Bass Drum and Suspended Cymbal
High-quality mallets for the concert bass drum are similar to timpani mallets, with a wooden shaft and felt-covered head, but are much larger and heavier. The weight of the mallet head and length of the shaft help players get a big, full sound from the instrument. Consider keeping at least one very large mallet for playing loud single impacts and two identical smaller mallets for rolling sustained notes.
Players can use multiple options for approaching the suspended cymbal. Characteristically full notes and rolls work best with soft mallets specifically manufactured for the instrument or yarn-wrapped marimba mallets. Especially for rolls, the mallets should produce no attack sound but plenty of resonance. In other situations, players might use thin wooden sticks, triangle beaters, small metal rakes, brushes, or even coins to strike or scrape the instrument for effects indicated by the composer or arranger. Encourage players to be creative about finding the best sound in these unique situations. Sometimes the best mallet choice is something not designed for musical performance.
Keyboard instruments require several different pairs or sets of mallets due to the wide variety of bar sizes, materials, and densities. Players can use small, hard plastic or brass mallets for orchestra bells (glockenspiel). Any-thing softer will produce a thin, superficial sound and could also damage the mallets. For xylophone, move to slightly softer plastic. Manufacturers will often call these medium, medium-hard, or medium-soft, and some will even designate them specifically as xylophone mallets. For vibraphone and marimba, yarn-wrapped mallets are generally the best choice. If possible, buy a set of four for each instrument. Note that shaft and head dimensions and materials are usually different for these two instruments, so avoid having players use the same mallets for both. One specific note: rattan and birch shafts feel very different when playing. Have students try both to see what feels best to them before purchasing. Crotales respond best to small brass mallets, though triangle beaters can serve as a viable substitute. Chimes sound best with rawhide or plastic hammers. Maintaining all of these mallets for their specific purpose and instrument is crucial for producing quality sounds across the keyboards.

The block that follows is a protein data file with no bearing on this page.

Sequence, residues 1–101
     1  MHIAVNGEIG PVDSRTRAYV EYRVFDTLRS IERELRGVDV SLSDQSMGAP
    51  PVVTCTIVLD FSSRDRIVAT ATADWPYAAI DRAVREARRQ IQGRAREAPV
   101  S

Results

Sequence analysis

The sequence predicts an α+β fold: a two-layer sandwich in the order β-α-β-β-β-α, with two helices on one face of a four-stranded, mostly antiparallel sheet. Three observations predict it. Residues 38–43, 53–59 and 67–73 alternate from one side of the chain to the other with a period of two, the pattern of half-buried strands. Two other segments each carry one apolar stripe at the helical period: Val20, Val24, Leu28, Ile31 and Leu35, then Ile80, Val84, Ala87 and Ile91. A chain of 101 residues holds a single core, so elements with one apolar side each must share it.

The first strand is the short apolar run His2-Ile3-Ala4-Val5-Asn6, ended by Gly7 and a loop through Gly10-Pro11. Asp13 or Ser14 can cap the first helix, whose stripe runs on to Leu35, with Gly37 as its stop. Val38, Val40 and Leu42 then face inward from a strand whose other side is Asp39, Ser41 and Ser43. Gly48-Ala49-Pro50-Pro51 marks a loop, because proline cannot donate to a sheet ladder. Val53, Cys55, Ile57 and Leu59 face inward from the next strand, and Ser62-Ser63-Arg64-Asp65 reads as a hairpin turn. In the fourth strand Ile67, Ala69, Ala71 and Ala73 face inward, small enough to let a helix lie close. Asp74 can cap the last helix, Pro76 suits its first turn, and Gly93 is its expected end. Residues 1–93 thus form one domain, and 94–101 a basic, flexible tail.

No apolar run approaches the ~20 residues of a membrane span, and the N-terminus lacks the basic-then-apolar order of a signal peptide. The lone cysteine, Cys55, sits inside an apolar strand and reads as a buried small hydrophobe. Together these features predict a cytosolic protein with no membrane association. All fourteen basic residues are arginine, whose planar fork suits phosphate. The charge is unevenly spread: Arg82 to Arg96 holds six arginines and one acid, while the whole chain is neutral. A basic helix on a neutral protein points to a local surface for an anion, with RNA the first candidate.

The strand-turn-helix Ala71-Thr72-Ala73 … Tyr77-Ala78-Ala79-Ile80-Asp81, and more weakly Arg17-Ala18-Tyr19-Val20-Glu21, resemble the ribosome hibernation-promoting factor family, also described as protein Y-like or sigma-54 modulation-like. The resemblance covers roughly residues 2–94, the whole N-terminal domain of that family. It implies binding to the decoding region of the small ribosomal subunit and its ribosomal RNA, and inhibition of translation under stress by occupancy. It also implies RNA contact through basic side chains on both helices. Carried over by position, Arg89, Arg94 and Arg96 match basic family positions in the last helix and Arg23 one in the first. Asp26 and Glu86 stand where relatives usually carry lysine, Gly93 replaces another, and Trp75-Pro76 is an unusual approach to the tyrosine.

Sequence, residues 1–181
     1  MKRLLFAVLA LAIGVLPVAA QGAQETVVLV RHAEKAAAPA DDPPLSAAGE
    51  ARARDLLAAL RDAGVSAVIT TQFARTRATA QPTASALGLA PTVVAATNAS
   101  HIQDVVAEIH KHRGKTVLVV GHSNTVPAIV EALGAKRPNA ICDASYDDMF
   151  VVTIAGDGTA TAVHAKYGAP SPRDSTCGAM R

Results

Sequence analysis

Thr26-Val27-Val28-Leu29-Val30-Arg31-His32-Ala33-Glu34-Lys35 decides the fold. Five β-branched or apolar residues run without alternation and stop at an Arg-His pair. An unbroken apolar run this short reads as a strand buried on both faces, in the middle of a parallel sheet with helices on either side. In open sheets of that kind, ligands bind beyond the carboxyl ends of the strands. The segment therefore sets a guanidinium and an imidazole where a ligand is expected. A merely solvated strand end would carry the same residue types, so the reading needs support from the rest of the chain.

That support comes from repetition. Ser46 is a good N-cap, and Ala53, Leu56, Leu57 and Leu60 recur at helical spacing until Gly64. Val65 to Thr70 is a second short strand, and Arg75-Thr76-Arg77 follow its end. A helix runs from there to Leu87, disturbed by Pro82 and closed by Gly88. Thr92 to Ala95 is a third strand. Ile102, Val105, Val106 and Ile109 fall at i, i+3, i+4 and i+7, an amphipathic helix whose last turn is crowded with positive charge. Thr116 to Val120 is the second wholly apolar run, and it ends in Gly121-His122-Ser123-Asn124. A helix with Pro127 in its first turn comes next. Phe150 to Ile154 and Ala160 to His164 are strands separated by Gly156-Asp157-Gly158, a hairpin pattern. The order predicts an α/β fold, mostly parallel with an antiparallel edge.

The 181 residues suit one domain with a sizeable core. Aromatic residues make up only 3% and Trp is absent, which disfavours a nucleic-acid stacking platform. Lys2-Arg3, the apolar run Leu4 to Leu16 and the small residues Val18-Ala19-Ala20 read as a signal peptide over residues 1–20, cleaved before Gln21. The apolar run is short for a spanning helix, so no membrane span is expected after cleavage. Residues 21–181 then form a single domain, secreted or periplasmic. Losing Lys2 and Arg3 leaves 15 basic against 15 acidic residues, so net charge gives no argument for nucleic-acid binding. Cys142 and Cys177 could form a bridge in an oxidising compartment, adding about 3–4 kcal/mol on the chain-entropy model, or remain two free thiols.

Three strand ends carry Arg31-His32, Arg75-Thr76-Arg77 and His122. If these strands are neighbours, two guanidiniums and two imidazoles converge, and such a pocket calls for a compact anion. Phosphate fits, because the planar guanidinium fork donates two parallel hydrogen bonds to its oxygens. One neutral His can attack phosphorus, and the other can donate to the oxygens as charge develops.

Percussionists should play the triangle with high-quality metal beaters and should have matched pairs of several different diameters or beaters with a tapered diameter for dynamic and articulation changes. The woodblock works best with medium or medium-hard rubber mallets. Softer yarn-wrapped mallets or harder sticks can be used with caution in some situations, but these options can produce weak sounds and damaged woodblocks, respectively. Tam-tams and gongs sound best with large, heavy yarn-wrapped mallets designed specifically for these instruments. As with all mallets, be sure to have a matching pair so that players can roll effectively for sustained notes.